I am always amazed at the ability of some people to remember things — any thing.
My memory is not that good.
Some people can tell you about a blizzard that happened when they were a kid, a dry spell when they were farming 20 years ago or their third-grade teacher.
I am lucky if I can remember what I went to the grocery store to buy.
There are events that stick out in our minds, such as our marriage (guys remember they are married, if not the exact date, and that’s close enough) or when our children are born (see above).
In my house, it’s my wife who usually forgets how many years we have been married. I say forget, but maybe it’s denial.
She remembers everything else, though.
She remembers with great clarity every time of one our kids was sick, the medicines they took and how quickly they recovered.
I remember we have kids (two, right?), and there were times when they were sick, and thank goodness my wife was around to clean up after them.
However, there are events that happen during the course of a lifetime that stand out and stay with us over time.
These are very important events, like the Oakland A’s winning World Series championships or the Pittsburgh Steelers winning Super Bowls, and for some, Nebraska winning national championships.
I can tell you some of the players on those teams and moments that mattered.
I remember watching Reggie Jackson hit three home runs off three different pitchers in three consecutive at-bats in the 1977 World Series.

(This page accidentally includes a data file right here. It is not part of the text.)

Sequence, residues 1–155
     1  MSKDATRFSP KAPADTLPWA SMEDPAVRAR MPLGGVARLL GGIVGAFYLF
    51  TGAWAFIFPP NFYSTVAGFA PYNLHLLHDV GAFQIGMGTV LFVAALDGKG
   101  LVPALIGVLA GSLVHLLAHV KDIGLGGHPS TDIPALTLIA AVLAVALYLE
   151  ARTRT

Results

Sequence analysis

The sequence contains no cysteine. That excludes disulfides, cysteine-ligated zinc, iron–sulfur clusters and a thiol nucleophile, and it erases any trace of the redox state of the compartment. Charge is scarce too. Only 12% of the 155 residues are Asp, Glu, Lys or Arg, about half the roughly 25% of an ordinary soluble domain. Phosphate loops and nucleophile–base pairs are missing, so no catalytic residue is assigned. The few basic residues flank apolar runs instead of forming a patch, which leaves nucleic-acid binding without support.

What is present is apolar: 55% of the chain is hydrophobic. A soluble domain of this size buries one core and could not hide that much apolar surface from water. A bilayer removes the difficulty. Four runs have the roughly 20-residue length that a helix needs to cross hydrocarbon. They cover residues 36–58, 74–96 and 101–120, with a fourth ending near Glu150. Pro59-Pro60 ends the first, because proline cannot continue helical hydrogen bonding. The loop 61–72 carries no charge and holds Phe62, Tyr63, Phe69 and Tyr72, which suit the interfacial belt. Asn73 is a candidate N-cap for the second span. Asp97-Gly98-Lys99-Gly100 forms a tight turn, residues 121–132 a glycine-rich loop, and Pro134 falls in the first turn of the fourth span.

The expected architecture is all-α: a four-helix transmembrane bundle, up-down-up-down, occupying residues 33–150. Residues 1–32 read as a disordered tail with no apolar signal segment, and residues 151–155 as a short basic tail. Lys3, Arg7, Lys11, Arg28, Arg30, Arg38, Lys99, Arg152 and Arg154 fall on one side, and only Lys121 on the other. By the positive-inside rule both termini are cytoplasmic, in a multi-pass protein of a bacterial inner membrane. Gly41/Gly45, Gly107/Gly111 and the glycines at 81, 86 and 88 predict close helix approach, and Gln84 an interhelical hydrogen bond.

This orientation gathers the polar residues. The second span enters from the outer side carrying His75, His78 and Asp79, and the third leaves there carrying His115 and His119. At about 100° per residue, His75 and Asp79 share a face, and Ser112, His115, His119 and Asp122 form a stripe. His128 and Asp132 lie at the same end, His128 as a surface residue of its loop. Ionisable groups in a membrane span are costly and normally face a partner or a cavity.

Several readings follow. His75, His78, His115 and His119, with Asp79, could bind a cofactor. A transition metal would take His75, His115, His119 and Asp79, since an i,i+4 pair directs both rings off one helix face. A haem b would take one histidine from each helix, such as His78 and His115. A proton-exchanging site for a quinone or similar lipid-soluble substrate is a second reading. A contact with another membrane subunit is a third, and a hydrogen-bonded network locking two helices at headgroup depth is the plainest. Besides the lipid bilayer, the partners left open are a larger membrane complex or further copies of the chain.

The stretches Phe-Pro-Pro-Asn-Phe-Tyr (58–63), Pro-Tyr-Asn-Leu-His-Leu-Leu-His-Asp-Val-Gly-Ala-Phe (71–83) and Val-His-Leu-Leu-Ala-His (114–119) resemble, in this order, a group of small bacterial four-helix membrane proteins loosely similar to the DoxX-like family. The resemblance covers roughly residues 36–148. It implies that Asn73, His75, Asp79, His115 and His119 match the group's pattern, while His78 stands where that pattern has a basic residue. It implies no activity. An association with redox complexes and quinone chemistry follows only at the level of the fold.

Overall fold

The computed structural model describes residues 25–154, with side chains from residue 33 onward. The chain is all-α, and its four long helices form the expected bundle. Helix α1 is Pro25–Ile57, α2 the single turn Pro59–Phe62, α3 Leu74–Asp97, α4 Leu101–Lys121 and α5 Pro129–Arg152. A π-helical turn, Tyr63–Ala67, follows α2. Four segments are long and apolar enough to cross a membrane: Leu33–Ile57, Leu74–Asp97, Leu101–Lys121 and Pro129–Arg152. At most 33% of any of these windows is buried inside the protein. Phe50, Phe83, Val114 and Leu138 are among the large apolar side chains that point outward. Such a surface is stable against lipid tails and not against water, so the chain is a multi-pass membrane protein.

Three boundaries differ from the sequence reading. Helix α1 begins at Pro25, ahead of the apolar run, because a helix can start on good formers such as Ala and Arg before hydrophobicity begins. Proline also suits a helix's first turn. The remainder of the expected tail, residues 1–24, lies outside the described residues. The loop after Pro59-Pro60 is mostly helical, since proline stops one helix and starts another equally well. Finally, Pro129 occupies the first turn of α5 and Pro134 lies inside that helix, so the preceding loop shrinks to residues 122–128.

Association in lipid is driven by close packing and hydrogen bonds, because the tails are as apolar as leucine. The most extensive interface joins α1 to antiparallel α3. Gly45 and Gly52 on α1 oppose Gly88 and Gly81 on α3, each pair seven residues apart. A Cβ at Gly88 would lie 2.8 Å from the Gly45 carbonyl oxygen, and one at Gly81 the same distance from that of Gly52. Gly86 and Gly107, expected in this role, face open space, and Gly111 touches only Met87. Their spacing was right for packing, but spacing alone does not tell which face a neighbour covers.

I’m not sure what other information is being shoved out of my memory bank so that I can remember all this important sports stuff, but I’m sure it’s worth it.
I don’t even have that great of a memory for sports.
I used to work with a guy who seemed to remember every play from every game ever played.
I don’t know if he could remember anything else, but he was like Google when it came to sports.
The mind is so interesting in how it operates or how we operate it, depending on your point of view.
Information comes and goes so quickly we cannot keep up.
I cannot tell you how many times I meant to do something, got side-tracked and didn’t remember my original mission until hours later, if at all.
I can’t completely blame it on getting older because my mind has always worked — or not worked — like this.
Sometimes it feels like if someone flashes something shiny in front of me I’ll become distracted and completely forget what I was doing.
That’s probably why I’ve been writing this column for at least two hours. In that time, I’ve fielded phone calls, helped customers, received and answered e-mails, worked on other stories and folded inserts.
I think I need mental blinders to keep me focused — and fewer shiny things.
Patrick Murphy, editor-publisher of the Humphrey Democrat and Newman Grove Reporter in Nebraska, is a former assistant managing editor of The Telegram.